The war, a thing on which you snag your shirt,
plays Tetris over us. Those hours spent
in rooms with rings of fungal light
could not have prepared us for this.
We’re here because all moons of flesh were too gentle.
There was no bite, no bullet-smash in white magnolia.
A thumb on one pink plug, a tame, ticking pulse.
We dreamt a flash grenade’s fullness in the palm.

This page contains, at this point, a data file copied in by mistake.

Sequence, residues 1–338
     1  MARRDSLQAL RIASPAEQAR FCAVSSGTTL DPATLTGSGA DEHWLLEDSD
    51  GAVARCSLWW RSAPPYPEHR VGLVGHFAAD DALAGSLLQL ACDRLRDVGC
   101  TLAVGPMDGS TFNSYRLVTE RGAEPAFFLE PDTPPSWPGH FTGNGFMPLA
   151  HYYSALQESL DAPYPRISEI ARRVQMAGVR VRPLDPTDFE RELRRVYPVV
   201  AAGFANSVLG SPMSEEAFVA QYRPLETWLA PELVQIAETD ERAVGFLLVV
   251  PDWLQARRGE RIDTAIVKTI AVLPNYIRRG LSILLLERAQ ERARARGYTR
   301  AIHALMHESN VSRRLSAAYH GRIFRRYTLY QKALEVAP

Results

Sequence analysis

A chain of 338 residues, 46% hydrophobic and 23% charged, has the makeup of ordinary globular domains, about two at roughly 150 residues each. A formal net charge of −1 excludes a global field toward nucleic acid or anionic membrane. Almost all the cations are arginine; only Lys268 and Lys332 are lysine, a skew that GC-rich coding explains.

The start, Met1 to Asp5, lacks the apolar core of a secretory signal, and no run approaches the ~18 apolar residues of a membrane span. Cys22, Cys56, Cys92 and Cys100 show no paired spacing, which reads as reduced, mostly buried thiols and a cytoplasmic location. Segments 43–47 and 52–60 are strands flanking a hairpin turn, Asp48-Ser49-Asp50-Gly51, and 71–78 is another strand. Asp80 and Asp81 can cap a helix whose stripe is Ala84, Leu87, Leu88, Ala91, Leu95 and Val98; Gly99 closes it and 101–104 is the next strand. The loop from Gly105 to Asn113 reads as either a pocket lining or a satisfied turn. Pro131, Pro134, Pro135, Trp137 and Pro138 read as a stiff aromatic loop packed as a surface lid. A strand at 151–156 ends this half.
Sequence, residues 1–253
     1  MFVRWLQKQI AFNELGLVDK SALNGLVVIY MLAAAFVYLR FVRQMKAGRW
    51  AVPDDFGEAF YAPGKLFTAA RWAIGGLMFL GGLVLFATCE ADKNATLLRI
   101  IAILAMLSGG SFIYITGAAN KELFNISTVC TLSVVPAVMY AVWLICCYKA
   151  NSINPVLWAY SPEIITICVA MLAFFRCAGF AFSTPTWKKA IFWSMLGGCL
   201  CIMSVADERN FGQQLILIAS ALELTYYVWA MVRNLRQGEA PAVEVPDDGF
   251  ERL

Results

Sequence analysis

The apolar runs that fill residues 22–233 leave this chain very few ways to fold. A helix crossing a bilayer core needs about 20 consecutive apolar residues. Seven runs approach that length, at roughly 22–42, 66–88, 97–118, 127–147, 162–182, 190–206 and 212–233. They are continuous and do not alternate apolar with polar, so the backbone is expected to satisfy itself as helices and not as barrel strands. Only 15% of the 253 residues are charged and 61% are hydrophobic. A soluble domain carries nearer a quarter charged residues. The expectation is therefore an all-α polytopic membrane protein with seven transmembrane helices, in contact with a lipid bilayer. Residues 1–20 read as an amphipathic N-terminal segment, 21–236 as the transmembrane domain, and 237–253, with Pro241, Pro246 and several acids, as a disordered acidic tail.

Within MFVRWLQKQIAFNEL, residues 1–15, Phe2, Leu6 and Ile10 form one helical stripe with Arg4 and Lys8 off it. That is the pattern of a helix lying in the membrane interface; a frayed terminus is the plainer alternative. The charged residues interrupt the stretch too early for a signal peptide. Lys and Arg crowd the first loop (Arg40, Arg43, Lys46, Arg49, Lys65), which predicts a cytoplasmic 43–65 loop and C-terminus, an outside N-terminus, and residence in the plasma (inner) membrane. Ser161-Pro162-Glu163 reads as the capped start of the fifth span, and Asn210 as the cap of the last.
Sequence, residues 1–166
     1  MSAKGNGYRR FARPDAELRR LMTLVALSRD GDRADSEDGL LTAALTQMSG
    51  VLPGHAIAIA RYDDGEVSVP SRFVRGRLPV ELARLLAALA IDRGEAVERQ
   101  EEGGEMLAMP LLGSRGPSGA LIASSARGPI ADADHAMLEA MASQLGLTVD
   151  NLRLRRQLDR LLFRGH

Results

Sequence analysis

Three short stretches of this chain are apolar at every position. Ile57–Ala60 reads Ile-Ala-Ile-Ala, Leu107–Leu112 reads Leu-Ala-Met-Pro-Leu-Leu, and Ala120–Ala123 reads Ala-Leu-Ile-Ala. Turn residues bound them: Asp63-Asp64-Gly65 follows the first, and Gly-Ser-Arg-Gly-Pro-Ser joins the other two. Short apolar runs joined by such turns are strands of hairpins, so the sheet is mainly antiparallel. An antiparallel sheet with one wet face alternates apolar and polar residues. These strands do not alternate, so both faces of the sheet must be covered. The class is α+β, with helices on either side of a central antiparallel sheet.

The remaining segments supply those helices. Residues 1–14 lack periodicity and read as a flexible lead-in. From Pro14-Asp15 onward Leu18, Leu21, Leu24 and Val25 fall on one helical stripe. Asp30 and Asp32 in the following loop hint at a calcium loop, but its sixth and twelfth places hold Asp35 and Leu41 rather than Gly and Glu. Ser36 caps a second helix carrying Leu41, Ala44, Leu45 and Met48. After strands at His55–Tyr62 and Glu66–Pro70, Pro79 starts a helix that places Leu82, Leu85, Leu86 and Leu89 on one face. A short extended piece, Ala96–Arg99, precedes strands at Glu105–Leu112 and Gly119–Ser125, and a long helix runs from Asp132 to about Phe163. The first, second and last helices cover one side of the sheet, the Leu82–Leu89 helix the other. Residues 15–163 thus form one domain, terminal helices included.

What are stars, or snow; what is the sound
of a chandelier rocking in slow motion?
Our guilty blood boils at birdsong while we watch
for the enemy – we’ve been told he looks ambiguous.
Matt Haigh is a 26-year-old poet from Cardiff. He has previously published material in Pomegranate, The Cadaverine, Fuselit, and Word Riot.